Gardens of memory: On the heritage of flora in Egypt

Fatemah Farag , Tuesday 1 Jun 2021

This year, trees have been brought down and much green space was lost, however, Egypt remains in possession of a great history of plants — reminders that our identity is one of green, water, and beauty


Long slender fingers trace across the flowers on the cover of my notebook. “This is a tulip; these are carnations and gulnar — the flower of the pomegranate. Stylised of course. Ottoman,” muses Ahmed Soliman, Plant Taxonomy specialist at the Herbarium of the Agricultural Museum.

The distinction between stylised and scientific drawing is everything. We are sitting within the herbarium under high ceilings that house massive wooden cabinets topped with towering files; documentation of Egypt’s some 2000 species of flora.

Established in the late 1930s, the herbarium hosts a collection of pressed and classified plant files that go back to the late 1800s. Samples are pulled out for me to understand: dried strands of dark green vegetation cover the yellowed sheet of paper dating back to 1882.

I had shut my notebook for a minute to listen to Soliman’s colleague who is studying pine trees. She tightens the red scarf around her face and informs me: “That tree outside is the only pinus of its kind in Egypt. Imagine, that one goes and there are none left.”

Egypt's Sugar: wood sample case in the era of Ismail Pasha. Part of the Orman Herbarium collection. Photo by Fatemah Farag

Everyone looks down into their glasses of warm tea. Outside the window is sunny, but the view is of a wasteland of weeds, often dying trees and closed museums. To reach the herbarium, an employee on the grounds instructs me: “Go past the Agricultural Museum buildings — which have been closed for three years now — then past the Museum of Cotton — which is closed — then past the Auditorium and Library — which are also closed — and across from the Arab Hall — which is closed — and the Museum of Ancient Egyptian Agriculture — which was never opened to the public — there you will find the herbarium.”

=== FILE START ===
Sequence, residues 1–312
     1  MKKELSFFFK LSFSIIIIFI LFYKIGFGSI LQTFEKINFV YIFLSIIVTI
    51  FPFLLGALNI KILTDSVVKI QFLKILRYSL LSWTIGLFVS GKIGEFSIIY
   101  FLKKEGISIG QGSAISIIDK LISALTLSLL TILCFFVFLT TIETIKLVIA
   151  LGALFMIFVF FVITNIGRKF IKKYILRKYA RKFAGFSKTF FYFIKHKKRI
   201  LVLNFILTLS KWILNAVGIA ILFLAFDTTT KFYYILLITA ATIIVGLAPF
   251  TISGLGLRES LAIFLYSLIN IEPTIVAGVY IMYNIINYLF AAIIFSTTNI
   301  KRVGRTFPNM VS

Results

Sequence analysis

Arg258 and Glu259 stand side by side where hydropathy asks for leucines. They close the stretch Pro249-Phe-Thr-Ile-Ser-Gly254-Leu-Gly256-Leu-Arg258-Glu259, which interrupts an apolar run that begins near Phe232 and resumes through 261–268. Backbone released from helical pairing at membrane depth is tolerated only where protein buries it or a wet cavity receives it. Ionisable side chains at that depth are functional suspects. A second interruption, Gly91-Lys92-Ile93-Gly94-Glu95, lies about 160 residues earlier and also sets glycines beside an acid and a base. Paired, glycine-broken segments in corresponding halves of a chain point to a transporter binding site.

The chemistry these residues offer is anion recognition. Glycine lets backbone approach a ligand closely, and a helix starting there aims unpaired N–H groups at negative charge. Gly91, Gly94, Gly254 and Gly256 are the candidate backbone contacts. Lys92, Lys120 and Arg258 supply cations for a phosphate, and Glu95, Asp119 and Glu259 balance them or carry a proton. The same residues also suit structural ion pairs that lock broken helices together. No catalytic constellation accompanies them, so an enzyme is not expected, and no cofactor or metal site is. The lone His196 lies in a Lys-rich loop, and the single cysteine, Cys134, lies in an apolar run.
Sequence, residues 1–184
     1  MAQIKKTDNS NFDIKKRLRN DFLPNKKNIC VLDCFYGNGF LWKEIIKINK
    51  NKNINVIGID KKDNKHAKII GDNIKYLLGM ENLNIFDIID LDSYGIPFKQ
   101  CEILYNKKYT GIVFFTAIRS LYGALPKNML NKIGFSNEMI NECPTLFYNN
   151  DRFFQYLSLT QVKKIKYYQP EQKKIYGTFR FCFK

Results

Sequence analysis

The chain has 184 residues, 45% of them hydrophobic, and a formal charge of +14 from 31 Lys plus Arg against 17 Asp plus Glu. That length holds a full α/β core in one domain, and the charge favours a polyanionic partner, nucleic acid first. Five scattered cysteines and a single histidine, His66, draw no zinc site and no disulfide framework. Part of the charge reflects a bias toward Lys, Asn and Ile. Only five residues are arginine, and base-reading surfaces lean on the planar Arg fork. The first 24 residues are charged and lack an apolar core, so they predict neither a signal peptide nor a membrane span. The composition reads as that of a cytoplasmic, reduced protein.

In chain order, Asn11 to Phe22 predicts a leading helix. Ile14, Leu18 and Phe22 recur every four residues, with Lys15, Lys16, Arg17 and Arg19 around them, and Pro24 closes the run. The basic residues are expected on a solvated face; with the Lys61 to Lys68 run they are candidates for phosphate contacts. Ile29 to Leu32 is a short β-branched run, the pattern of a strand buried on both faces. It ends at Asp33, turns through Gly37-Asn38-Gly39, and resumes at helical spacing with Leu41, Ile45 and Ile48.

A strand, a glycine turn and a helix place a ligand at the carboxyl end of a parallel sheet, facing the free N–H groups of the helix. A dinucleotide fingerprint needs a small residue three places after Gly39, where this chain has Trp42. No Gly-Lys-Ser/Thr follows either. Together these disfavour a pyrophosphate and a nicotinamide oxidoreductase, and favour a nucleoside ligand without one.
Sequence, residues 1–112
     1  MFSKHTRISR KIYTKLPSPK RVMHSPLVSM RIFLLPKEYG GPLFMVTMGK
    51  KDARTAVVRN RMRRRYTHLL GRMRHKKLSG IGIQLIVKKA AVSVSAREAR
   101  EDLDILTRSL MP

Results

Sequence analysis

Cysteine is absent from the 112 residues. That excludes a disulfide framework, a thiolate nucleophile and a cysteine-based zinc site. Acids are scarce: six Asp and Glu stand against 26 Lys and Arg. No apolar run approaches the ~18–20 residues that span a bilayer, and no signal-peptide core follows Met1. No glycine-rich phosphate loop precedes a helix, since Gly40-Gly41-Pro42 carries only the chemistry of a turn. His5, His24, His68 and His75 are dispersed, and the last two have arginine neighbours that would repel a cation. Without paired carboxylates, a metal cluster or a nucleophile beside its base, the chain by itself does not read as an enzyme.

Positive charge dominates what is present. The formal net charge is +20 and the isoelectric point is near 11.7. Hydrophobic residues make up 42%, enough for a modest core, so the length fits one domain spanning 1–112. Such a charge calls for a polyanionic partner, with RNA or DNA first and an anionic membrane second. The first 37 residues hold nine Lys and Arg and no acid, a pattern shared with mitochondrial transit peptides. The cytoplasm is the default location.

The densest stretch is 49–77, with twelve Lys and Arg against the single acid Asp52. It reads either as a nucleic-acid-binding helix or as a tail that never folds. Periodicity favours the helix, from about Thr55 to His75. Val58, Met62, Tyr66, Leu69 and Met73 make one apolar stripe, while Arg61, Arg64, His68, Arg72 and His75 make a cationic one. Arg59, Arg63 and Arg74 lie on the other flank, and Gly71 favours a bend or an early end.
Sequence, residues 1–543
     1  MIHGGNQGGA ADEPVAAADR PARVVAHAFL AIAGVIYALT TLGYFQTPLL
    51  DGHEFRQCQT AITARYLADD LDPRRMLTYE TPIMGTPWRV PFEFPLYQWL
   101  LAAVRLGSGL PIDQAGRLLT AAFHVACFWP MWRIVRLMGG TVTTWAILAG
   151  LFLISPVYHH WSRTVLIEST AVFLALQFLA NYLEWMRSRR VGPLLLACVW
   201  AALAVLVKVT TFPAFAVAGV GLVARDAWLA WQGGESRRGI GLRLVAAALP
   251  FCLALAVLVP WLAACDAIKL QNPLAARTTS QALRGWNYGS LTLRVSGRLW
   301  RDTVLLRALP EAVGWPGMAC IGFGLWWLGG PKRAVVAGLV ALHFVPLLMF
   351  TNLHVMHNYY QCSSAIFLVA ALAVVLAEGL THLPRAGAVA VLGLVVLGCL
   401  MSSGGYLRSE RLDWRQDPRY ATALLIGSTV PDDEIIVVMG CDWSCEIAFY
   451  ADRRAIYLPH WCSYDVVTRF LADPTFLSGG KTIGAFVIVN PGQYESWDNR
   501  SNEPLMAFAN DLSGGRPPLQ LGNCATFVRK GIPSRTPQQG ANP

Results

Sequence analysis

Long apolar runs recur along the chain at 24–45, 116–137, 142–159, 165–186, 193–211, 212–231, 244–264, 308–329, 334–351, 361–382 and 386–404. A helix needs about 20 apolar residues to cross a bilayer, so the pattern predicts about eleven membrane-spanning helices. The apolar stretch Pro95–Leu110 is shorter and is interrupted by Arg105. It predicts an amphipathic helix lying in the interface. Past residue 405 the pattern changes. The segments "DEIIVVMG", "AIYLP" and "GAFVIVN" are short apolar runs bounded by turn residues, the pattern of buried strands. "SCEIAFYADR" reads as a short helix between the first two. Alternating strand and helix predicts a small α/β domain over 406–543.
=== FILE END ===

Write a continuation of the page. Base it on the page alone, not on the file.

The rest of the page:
It is like sitting at the edge of a world forgotten, but Soliman tells me “To classify is to know. Here is the knowledge and memory of the plants of Egypt. This is where research for pharmacology, medicine, and agriculture often begins. Where we can track the changes and shrinkage of green expanses across the country. Where linguists must come to discover the origins of the word romman and pomegranate.”

Pressing plants for the files at the Orman Herbarium. Photo by Fatemah Farag

Modern day challenges

And the concerns of Soliman’s colleague echo true within these dusty walls. Egypt suffers desertification as a result of a “scarcity of water resources, with dramatic population growth, thus the intensity of human activity […] urban encroachment, pollution, depletion of the soil’s fertility, water and soil salinity, sand dunes, soil erosion, and other indirect reasons lead to land degradation,” explains Soliman in his paper ‘Desertification: Current Status and Trends’.

According to a study by Lancaster University “74,600 hectares of fertile agricultural land in the Nile Delta (Old Lands) was lost to urban expansion over a 24-year period at an average rate of 3,108 hectares per year […] Under a business-as-usual scenario, 87,000 hectares of land will transition from agricultural land to urban areas by 2030, posing a threat to the agricultural sector’s sustainability and food security in Egypt.”